Author and Editor
Early in my career I became an author, co-authoring with Isaac Asimov Robots: Machines in Man’s Image (Harmony Books, 1985), which was translated into German, Hungarian, Japanese, and Spanish. The United States Information Agency selected is as one of 1,000 books to represent the diversity of American culture in a traveling book exhibit that toured the Soviet Union in 1987. Beginning at the Moscow Book Fair, the exhibit was called “Many Booked America: the People, Politics, and Government of the United States.”
A few years ago I wrote three physics books for fourth graders: Looking at Light, Listening to Sound, and Sound and Light Technology published by the Benchmark Education Company in 2006.
I moved outside of realm of the science writing when I was asked to edit two memoirs: one a Holocaust survivor's tale, the other about a young woman in post-war Europe. Conspicuously Invisible: Wartime Memories of a Jewish Boy from Wilno, is by William Begell. Famous for its Jewish population in the nineteenth and early twentieth centuries, Wilno was known as the "Jerusalem of Lithuania," became part of Poland in the 1920s, was occupied by the Russians, Lithuanians, and Germans during World War II, and is now Vilnius in Lithuania. The 80,400-word book details Begell's pre-war boyhood among his 14 family members, his cunning as a young boy and pranks he pulled with friends. He traces the hardships during the Russian and German occupations and life in the Jewish ghetto. His cleverness developed in order to survive and eventually he eluded the Nazis by escaping from a labor camp. He is the sole survivor of his family. The memoir was published posthumously by Begell House.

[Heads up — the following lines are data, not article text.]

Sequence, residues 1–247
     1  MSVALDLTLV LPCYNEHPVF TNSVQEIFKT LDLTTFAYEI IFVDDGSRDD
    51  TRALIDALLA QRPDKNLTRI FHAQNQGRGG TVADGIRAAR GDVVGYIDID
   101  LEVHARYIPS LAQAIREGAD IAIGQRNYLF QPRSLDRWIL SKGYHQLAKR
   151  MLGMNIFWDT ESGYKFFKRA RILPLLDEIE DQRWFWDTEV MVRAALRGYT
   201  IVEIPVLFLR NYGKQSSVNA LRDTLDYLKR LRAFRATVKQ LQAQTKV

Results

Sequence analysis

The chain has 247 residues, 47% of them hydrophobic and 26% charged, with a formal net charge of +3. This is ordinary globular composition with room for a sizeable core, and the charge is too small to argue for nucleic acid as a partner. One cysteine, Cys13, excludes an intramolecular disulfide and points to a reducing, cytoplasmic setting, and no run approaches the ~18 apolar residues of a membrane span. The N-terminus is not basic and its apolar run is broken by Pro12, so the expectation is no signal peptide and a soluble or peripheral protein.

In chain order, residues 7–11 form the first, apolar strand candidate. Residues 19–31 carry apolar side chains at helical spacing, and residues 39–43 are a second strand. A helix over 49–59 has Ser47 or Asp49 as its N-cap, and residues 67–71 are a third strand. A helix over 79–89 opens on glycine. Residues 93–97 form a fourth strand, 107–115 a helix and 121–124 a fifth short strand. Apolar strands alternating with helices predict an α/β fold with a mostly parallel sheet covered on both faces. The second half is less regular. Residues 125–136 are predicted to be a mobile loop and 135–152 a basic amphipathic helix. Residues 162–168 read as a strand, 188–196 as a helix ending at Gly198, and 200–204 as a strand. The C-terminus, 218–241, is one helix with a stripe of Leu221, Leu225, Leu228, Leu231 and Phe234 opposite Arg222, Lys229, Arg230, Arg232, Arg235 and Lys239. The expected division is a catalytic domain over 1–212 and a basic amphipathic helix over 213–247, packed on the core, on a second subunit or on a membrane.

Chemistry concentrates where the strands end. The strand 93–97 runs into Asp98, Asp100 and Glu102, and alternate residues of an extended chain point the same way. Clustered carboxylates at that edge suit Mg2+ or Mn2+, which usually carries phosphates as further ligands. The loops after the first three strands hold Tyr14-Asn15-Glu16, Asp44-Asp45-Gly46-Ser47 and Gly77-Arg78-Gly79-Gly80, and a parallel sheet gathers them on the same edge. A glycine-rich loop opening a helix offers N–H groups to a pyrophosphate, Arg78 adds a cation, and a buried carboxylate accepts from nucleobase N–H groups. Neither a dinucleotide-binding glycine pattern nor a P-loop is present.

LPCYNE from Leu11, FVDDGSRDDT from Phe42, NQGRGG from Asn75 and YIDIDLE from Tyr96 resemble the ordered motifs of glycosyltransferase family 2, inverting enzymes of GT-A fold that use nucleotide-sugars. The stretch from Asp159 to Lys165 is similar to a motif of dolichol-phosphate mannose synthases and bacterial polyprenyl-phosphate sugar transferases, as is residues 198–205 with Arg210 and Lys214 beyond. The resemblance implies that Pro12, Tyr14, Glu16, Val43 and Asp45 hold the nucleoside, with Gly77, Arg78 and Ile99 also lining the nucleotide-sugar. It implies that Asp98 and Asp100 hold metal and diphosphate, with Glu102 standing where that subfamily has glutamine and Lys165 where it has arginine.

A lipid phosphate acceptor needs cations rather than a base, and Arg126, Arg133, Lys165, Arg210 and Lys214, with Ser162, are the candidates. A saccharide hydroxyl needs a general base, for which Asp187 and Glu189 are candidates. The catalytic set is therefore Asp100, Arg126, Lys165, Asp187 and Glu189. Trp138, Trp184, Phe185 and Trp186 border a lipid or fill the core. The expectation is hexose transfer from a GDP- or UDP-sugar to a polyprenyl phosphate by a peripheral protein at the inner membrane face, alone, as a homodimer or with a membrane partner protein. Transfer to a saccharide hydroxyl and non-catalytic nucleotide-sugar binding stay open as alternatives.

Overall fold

The Longed-For Hour, by Miriam Rosin, takes its name from a song Jewish partisans sang. The author, a Jewish woman from South Africa, left her country to care for Jewish children in a Displaced Persons Camp after World War II. Located in Bavaria, the camp was known as the Children's Center at Kloster Indersdorf. Peviously, it had been a boarding school for German girls. When the author arrived at the Children's Center there were about 322 children, adolescents, and young adults. The task of the staff was to try to match and reunite the displaced with their parents. The Center was run by UNRA and JOINT employess. The experience spawned Ms. Rosin's desire to live in Palestine and fight for the founding of the Jewish State. In her 60,400-word memoir, Rosin documents the struggle between her and the man she loved, who wanted to marry her and remain in South Africa. She was forced to choose between her political ideals and having a safe, secure life and children.